We’re using sustainable materials, both in the interior and in the construction of the building, whether it’s carpeting that we’ve specified that creates a very high sustainable standard, or, most recently, we’ve been changing the concrete industry. We’ve been specifying concrete that is highly sustainable through the use of fly ash and now, in particular, recycled concrete, which has been a goal of the concrete industry forever. Finally, with our help, one firm has achieved that. Now they’re sharing their designs with everybody across the industry. In the past, concrete could only be used as base rock underneath a building or under a road. A lot of it just went to landfill. But now with recycled concrete incorporated into the actual concrete of the building, you put it in the mix and you’re good to go. It’s proving to have great strength and of course it’s much less expensive because it’s recycled material.

The lighting technology we’re putting in the buildings is amazing. The technology has evolved very rapidly. We moved away from the CFLs and to LEDs for both interior and exterior use. Our lights on the grounds of the colleges will be LEDs, and in some cases many lights will be stand-alone where the pole itself generates and stores the electricity for the light. It’s a revolutionary way to think about how buildings and campuses work in terms of design process and energy requirements.

VerdeX: We know you and LACCD are always pushing the envelope on sustainability. Beyond energy efficiency from materials, is the district doing much to conserve and reuse water and waste?

Eisenberg: Some of the buildings that we’re doing will be zero-energy buildings; zero-energy means that the building produces as much energy as it consumes. The key to achieving that is to make the building highly efficient from an energy standpoint, in particular the idea that designing a building well means using the gifts of Mother Nature. For example, hot air rises and cool air sinks and daylight comes in and lights the spaces. The idea is that if we do the right design, we can actually eliminate the mechanical system from the building. We don’t need to move air around because it will move by itself through the natural physics of air movement.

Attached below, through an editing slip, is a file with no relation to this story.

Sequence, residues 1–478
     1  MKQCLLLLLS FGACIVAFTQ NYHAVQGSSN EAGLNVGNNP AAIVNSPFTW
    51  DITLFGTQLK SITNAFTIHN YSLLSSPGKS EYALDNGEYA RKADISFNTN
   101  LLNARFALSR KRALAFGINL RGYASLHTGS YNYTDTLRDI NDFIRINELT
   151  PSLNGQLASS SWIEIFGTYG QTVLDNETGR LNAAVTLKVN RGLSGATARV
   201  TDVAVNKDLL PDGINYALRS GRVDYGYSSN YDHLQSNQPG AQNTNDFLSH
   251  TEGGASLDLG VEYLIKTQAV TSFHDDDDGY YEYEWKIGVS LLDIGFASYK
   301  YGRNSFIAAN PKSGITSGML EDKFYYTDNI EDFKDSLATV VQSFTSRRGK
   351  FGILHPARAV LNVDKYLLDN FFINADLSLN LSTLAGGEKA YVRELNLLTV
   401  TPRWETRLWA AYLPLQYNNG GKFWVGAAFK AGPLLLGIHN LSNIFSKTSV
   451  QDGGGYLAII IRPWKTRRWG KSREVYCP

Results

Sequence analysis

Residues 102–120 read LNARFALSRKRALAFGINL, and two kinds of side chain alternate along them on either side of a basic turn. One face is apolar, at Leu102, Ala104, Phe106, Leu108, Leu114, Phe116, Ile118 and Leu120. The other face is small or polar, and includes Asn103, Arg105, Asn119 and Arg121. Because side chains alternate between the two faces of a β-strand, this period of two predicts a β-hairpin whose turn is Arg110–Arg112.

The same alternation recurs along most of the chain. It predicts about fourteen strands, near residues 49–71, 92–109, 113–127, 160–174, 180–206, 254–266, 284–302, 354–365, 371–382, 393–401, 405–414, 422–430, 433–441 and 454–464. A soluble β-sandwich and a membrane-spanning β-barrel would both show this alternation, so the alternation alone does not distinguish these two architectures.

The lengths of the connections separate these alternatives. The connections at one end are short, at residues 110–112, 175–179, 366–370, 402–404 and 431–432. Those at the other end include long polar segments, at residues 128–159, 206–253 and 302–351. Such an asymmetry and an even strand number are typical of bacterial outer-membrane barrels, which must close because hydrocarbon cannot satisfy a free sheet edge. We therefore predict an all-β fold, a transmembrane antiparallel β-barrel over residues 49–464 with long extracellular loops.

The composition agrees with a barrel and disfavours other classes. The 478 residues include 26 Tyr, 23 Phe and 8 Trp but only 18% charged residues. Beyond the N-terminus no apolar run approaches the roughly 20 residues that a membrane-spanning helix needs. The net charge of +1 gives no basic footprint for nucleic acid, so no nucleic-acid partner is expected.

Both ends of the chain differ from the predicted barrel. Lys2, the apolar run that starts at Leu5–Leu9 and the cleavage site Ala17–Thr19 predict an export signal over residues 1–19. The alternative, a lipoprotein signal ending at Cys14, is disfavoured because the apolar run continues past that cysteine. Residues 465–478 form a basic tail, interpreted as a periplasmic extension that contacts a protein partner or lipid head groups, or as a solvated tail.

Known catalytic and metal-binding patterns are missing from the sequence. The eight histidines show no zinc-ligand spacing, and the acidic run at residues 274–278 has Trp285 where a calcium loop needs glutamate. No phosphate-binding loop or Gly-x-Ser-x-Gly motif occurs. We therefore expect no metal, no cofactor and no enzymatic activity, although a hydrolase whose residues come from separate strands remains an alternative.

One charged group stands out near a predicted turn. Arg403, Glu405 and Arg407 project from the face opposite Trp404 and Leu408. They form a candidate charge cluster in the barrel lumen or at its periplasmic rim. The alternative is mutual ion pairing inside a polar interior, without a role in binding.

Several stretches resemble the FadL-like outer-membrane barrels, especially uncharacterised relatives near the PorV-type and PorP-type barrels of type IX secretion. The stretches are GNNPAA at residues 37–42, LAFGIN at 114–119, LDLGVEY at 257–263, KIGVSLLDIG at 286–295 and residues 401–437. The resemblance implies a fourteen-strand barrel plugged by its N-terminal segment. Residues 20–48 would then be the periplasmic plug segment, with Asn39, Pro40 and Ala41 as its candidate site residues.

When we’ve done this correctly, we’re left with basically only addressing the plug-load of the building, which is your computer being plugged into the wall or your projector on the ceiling. You need electricity for that, and the building makes its own electricity to cover that demand. In many cases, these buildings are actually energy-positive such that they generate enough energy that they can put it back onto the grid.

That’s what we’re going to see in buildings in the future. We’re going to demonstrate that with several of our buildings and show that the built environment minimizes its overall environmental impact.

VerdeX: Choose an LACCD campus—whether it’s the South Campus at L.A. Trade Tech or the new math and science building at West L.A. College—and elaborate on what technologies are being incorporated into your facilities.

Eisenberg: A project that I love is getting ready to start construction: the new Horticulture Building at Pierce College. It’s a unique program among our colleges because at Pierce we teach horticulture for the nursery industry and agriculture. The new horticulture building has many features in it that will achieve zero energy. The heating and cooling for the building is going to come from solar-thermal. That’s the idea of pipes on the roof—the new generation of the old 1970s hippie hot-water heater kind of thing, but now it produces really hot water that we can utilize for air conditioning and for heating, and we can make our domestic hot water supply. It  will even work on a cloudy day. We’ll have photovoltaics on it, producing direct electricity for the complex. It’s going to capture and recycle all of its water.